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Do I make life better or worse for others?

Tonight, I sat on the deck with my dog and wrapped her rope around my neck and pulled. I want to be here, but I don’t want to always be “that way” or fighting with others.

I stopped when I got to the point that choked. I thought of all the kids who play the “choking game”. I don’t want my life to end that way.

Just hit a rut.. I’m still here and plan to stay.

Uncertainty

The Age of Uncertainty

The Age of Uncertainty (Photo credit: Wikipedia)

Lately I’ve doubted myself a lot. Quite a lot. I’ve doubted my ability to be a decent wife and a competent mother. I’ve wondered if my husband and son would be better off if I left. All I seem to bring to our lives is chaos, anger and arguments. My emotions then plummet into turmoil and depression, self doubt, questioning any value I offer to anyone by my presence. I feel as if I make every day, every situation worse. I no longer know what to say or do that will have a positive effect for myself or those I care about, so I’m afraid of each interaction – no matter how small it may be.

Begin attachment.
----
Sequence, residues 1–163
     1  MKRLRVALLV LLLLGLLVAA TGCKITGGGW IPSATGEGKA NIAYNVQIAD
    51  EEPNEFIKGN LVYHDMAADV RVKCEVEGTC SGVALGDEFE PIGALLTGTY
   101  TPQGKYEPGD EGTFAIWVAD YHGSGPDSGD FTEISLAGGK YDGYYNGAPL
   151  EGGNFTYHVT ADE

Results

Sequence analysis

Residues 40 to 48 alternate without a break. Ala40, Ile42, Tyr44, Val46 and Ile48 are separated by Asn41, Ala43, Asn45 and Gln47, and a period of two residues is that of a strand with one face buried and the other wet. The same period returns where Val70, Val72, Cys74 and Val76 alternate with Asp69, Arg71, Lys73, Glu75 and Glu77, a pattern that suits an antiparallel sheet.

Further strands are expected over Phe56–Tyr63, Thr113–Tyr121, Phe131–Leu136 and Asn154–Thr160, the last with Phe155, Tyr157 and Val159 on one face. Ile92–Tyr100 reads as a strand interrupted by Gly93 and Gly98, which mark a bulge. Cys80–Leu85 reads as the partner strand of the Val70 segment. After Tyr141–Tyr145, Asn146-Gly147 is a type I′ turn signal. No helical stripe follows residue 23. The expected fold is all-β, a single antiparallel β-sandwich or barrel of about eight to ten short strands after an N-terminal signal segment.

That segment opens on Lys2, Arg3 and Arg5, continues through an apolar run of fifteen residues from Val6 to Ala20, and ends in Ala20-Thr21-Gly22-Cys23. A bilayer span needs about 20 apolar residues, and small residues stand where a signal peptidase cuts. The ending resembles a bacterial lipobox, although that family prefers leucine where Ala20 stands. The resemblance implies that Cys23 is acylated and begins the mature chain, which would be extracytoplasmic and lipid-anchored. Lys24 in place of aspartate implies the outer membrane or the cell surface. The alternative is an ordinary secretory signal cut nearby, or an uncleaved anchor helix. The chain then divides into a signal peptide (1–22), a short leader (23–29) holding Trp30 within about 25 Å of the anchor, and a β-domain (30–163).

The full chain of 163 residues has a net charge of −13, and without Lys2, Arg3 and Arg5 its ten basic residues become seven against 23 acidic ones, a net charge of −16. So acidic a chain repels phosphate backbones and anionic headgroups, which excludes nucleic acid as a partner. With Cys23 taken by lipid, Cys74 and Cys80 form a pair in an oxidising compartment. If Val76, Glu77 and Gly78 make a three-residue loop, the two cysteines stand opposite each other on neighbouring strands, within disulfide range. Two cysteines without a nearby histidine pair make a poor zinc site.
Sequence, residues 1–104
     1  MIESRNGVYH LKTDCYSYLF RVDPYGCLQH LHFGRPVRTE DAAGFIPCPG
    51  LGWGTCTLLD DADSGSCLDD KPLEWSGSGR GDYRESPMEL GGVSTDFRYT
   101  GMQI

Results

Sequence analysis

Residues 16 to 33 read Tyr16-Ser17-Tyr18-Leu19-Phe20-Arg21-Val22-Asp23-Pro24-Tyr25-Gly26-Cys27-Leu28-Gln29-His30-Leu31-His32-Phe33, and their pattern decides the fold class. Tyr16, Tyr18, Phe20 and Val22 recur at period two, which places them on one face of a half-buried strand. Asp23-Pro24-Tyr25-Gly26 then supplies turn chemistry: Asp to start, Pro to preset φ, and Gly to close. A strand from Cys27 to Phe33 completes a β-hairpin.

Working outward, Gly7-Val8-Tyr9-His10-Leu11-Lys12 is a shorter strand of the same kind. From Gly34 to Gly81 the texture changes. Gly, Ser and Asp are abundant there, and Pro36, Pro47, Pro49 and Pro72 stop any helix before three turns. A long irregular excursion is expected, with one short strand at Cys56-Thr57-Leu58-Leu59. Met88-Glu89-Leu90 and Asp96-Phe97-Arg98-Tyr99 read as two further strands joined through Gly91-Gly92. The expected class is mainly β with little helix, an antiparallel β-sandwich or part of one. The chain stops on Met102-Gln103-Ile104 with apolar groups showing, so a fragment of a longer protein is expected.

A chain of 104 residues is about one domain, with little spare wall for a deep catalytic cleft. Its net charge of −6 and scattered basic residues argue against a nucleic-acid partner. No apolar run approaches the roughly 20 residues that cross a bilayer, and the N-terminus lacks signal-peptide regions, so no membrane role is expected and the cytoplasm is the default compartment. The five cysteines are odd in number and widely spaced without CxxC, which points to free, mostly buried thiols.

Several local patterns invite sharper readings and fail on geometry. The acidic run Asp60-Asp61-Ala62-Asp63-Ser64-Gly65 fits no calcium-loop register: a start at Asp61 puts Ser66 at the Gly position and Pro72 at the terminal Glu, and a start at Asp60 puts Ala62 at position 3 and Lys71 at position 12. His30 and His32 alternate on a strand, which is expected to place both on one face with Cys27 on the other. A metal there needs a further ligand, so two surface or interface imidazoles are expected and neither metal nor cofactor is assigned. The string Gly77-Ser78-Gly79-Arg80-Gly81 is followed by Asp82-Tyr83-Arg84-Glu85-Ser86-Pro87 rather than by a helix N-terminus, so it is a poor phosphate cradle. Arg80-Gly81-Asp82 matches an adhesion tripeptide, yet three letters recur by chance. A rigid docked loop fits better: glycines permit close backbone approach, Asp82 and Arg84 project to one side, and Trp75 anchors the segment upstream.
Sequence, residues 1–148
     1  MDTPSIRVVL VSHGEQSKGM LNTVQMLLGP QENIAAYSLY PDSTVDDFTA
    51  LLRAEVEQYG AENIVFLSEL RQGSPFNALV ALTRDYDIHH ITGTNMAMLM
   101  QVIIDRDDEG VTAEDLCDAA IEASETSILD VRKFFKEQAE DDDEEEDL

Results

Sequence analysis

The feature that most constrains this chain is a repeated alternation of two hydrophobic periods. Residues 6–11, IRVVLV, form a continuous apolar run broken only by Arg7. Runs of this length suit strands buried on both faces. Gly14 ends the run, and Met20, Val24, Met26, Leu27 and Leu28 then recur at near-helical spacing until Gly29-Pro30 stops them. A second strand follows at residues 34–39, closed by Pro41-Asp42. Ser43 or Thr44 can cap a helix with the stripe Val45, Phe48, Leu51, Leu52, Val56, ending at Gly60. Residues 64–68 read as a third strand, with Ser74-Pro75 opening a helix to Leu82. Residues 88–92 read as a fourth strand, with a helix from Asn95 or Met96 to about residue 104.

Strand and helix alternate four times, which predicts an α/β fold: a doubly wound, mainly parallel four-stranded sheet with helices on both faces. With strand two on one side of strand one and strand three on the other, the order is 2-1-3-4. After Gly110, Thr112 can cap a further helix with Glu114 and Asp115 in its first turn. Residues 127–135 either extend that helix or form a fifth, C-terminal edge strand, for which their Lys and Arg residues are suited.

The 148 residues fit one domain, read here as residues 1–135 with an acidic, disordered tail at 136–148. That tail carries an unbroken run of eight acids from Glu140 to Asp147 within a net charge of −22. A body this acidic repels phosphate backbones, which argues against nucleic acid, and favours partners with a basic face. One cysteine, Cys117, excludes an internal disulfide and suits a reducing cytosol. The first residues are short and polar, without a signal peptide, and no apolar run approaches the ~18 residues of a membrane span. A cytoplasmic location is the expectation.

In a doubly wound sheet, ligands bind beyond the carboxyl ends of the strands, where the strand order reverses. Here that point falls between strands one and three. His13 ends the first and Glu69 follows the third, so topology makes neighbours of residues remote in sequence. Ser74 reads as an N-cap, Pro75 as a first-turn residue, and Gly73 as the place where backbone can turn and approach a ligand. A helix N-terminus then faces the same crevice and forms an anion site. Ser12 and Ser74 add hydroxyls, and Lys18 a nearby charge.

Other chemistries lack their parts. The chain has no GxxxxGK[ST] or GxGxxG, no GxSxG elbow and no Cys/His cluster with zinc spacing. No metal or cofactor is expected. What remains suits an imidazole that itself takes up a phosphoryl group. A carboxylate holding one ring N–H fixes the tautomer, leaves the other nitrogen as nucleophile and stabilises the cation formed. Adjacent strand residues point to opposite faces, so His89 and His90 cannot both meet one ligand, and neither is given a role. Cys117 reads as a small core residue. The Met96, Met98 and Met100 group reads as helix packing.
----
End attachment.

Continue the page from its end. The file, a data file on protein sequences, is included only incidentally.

Shambhala Card

#5

To overcome uncertainty is utterly good.

Commentary:Uncertainty here refers to doubting yourself or the existence of basic goodness. When you don’t punish or condemn yourself, when you relax and appreciate your body  and mind, you begin to contact basic goodness in yourself. So it is extremely important  to be willing to open yourself to  yourself.

As human beings, we have a working basis within us that allows us to uplift our state of existence and cheer up fully. Because we have a mind and body, we can comprehend this world. Existence is wonderful and precious. We don’ know how long we will live. While we have our life. why not make use of it? Before we even make use of it, why don’t we appreciate it?